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ERIC Number: ED518793
Record Type: Non-Journal
Publication Date: 2010
Pages: 268
Abstractor: As Provided
Reference Count: N/A
ISBN: ISBN-978-1-1242-2733-7
Academic Self-Regulation, Academic Performance, and College Adjustment: What Is the First-Year Experience for College Students?
Sullivan, Colleen Janette
ProQuest LLC, Ph.D. Dissertation, University of Maryland, Baltimore County
First-year students experience academic, social, and emotional adjustments as they transition to college. First-year experience courses support students in this transitional phase by helping them integrate into the campus environment and by teaching them college-appropriate learning strategies. This study explored the role that participation in a first-year experience course had on students' academic self-regulation, academic performance, and college adjustment. Academic self-regulation and college adjustment also were examined as predictors of end of the semester outcomes. Previous research suggested that participation in this type of course facilitates students' transition into college, as evidenced by academic performance and college involvement, but these studies often lacked a comparison group and did not address extraneous variables. One hundred and thirty-three first-year students were self-selected into the following groups: (1) "First-year experience course group": Students were enrolled in an optional IHU seminar linked to an introductory academic course or (2) "Comparison group": Students were enrolled in the same introductory academic course. This study involved three assessments starting in the summer prior to college and ending at the conclusion of the first semester. Results from the current study show that participation in an IHU seminar was associated with adaptive motivational beliefs and learning strategies. Quantitative and qualitative analyses indicate that these courses created an interactive classroom community that supported gaining knowledge about university resources, developing strong beliefs of self-efficacy, and identifying resource management strategies. Achievement goal orientations, primarily mastery goals, predicted some end of the semester outcomes, including task values, self-efficacy, test anxiety, learning strategies, and college adjustment. Task value, self-efficacy, and learning strategies predicted college adjustment and academic performance at the end of the semester. Students who either had consistent high levels or increased their motivation and/or learning strategies were better adjusted to college and earned a higher first-semester GPA and course grade than their peers. Additionally, mid-semester college adjustment was related to academic performance. These findings would be valuable in the design of institutional programs and interventions to support college students. Course objectives that involve motivational components, learning strategies, and academic adjustment resources relate to students' academic success. [The dissertation citations contained here are published with the permission of ProQuest LLC. Further reproduction is prohibited without permission. Copies of dissertations may be obtained by Telephone (800) 1-800-521-0600. Web page:]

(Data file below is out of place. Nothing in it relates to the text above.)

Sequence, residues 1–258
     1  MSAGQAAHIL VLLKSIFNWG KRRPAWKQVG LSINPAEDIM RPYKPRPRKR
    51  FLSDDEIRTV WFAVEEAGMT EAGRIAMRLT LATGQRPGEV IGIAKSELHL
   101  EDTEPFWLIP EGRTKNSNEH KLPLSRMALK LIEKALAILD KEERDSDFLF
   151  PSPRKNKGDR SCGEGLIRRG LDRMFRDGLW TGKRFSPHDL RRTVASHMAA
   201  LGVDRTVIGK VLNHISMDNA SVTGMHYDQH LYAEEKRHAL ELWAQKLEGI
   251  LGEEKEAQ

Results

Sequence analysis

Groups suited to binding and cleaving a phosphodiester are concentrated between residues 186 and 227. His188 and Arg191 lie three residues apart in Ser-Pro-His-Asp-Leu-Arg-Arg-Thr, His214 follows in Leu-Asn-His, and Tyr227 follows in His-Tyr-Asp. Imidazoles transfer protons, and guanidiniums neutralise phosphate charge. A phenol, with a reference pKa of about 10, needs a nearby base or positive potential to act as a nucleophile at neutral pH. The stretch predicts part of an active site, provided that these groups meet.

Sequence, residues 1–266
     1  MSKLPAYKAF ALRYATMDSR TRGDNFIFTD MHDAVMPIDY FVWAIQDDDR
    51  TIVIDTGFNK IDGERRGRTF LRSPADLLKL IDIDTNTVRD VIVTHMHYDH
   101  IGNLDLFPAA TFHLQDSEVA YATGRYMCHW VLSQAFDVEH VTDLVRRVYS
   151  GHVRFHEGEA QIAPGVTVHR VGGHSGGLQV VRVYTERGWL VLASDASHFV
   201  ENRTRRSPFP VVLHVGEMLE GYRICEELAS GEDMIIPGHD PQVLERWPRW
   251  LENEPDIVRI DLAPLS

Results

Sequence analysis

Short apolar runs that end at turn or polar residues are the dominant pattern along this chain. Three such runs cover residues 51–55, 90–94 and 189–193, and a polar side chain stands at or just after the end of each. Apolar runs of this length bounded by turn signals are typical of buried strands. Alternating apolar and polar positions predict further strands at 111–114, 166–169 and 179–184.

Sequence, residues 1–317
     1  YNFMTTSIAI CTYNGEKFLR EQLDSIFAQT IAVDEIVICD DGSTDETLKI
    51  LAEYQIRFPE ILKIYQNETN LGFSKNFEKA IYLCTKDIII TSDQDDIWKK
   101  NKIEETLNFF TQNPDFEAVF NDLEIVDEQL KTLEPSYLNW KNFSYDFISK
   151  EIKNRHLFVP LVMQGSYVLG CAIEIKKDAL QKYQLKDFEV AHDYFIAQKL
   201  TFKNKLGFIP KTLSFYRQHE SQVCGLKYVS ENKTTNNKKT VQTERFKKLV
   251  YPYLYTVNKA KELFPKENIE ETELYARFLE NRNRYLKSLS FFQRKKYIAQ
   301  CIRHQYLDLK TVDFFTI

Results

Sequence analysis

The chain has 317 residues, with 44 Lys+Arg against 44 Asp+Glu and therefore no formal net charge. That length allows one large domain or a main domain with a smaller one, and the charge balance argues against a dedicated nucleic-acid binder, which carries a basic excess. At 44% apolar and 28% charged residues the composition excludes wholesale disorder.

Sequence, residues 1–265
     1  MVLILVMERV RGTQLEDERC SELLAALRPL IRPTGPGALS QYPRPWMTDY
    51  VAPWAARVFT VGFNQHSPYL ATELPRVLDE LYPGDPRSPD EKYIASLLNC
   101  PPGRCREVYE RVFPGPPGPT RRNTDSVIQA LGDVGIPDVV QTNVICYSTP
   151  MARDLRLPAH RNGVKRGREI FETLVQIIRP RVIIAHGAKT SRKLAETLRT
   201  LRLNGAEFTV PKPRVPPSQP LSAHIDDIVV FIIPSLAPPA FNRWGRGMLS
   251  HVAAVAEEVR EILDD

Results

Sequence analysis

ProQuest LLC. 789 East Eisenhower Parkway, P.O. Box 1346, Ann Arbor, MI 48106. Tel: 800-521-0600; Web site:
Publication Type: Dissertations/Theses - Doctoral Dissertations
Education Level: Higher Education
Audience: N/A
Language: English
Sponsor: N/A
Authoring Institution: N/A
What Works Clearinghouse Reviewed: Meets Evidence Standards without Reservations